High levels of ozone aggravate allergies


High levels of ozone aggravate allergies. Pollution could trigger more and more allergies.

(Aug 23, 2010) As can be learned from a scientific study, high ozone values ​​also make allergies worse. The high ozone value also increases the allergen content of the plant, which increases the symptoms of an allergy at the same time. In addition, far more people could be affected by allergies if ozone levels rise.

Researchers from the Center for Pathophysiology, Infectiology and Immunology at the Medical University of Vienna report in the current issue of the journal "Journal of Allergy Cilinical Immunology" that high ozone levels not only strain the throat and airways, but also increase the allergen content of plants. If the ozone value in the air has increased, the allergen content in plants also increases, as researchers around the study leader Rudolf Valenta observed in a study. A connection between pollution and the increase in allergies has now been demonstrated.

During the course of the study, the researchers had grown rye varieties in the laboratory that were heavily contaminated with ozone. The ozone value was 79 parts of ozone per billion air particles. This roughly corresponds to the peak values ​​of ozone pollution on very hot summer days. For comparison, the experiment was repeated again later and two rye plants were grown with an average normal ozone load. Here the value was 22 parts per billion particles of air. In a direct comparison of the test arrangements, the Viennese scientists found that the rye varieties with the high ozone load showed an increase in allergen and protein.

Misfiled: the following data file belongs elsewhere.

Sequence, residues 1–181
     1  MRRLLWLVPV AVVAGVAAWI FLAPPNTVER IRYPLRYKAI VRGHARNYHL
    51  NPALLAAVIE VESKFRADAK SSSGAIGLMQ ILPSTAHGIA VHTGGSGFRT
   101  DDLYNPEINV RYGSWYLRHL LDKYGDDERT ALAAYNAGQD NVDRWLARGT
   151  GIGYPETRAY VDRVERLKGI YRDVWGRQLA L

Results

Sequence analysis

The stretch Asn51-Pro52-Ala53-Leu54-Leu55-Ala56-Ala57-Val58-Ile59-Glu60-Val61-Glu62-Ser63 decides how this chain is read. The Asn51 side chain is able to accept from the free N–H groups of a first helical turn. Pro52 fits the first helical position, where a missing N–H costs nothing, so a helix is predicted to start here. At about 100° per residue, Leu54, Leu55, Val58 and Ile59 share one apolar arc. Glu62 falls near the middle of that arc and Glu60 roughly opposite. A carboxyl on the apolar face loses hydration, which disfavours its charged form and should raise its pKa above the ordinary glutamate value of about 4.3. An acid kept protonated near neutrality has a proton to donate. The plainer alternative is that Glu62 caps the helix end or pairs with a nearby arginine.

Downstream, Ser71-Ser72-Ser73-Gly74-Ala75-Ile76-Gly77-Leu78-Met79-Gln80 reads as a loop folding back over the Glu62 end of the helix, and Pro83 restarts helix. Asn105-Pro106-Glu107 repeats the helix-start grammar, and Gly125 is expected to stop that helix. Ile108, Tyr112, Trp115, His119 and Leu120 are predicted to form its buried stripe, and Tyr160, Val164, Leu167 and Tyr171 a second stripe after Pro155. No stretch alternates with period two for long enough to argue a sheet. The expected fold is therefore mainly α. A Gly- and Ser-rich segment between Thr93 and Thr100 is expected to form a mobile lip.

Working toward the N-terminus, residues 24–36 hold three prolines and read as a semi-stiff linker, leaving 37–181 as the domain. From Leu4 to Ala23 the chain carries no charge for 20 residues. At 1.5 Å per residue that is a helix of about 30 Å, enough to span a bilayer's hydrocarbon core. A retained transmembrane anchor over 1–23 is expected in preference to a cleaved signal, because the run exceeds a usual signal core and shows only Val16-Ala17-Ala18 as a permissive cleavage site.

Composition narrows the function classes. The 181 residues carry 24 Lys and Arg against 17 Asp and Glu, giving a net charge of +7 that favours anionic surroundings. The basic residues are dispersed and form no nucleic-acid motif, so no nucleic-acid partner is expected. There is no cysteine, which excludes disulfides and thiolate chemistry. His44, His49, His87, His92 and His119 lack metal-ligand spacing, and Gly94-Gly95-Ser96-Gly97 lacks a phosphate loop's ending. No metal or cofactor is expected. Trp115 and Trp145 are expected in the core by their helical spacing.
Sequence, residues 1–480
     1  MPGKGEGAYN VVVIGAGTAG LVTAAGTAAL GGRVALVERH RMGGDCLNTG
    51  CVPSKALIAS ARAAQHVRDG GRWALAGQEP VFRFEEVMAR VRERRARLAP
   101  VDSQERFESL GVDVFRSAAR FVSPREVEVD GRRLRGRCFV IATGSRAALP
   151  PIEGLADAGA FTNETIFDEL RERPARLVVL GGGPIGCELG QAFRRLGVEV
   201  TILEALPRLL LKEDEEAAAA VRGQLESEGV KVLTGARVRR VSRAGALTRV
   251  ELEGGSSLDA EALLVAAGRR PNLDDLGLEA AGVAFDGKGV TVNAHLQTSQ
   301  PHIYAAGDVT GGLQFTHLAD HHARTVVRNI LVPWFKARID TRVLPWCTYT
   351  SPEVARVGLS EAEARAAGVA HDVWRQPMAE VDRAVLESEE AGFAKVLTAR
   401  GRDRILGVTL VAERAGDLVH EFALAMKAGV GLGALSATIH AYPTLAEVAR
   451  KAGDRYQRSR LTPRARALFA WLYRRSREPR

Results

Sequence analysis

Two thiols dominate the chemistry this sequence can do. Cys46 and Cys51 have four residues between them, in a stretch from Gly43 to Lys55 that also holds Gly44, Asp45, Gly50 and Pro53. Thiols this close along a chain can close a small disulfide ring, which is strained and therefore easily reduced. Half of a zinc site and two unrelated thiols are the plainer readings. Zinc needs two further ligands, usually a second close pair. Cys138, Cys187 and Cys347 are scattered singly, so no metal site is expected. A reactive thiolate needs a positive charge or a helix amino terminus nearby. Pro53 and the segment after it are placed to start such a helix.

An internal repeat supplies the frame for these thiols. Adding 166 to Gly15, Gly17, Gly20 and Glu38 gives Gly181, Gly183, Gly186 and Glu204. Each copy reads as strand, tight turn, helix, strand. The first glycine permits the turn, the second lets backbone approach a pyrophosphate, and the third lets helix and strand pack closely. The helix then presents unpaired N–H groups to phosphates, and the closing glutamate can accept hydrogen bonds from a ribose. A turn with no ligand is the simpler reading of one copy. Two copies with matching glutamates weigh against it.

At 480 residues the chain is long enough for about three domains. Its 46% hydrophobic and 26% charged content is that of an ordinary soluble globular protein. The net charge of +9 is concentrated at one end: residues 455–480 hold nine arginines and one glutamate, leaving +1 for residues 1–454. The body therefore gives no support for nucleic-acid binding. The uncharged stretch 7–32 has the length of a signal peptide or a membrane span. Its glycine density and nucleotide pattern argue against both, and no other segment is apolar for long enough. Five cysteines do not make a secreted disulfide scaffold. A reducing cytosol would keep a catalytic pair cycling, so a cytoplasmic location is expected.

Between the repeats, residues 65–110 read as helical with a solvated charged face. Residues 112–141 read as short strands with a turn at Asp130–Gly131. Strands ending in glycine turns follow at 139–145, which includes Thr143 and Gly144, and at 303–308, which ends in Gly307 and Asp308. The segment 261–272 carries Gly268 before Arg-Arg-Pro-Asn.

In the further course of the experiment, the protein extracts of the plant were combined with antibodies from the human immune system of patients with allergies. It was shown that the extracts reacted more strongly to the IgE antibodies responsible for allergies than the plants which grew up under a low ozone load. The plants from the first group were thus clearly more allergenic, as the researchers report. It was also shown that the plants not only aggravate the symptoms of allergy patients, but also trigger an increase in allergies in humans with a high ozone concentration.

Patients with a pollen allergy colloquially suffer from hay fever, which is accompanied by swelling of the nasal mucous membranes, sneezing fits and conjunctivitis of the eyes. Above all, the accompanying itching sensation is painful for patients, and there is often the feeling of being tired and tired. (sb)

Also read:
More and more children suffer from sun allergy
Increased ozone levels endanger health
Fragrances can trigger allergies
Ambrosia: World's strongest pollen allergen

Image: Oliver Haja / pixelio.de.

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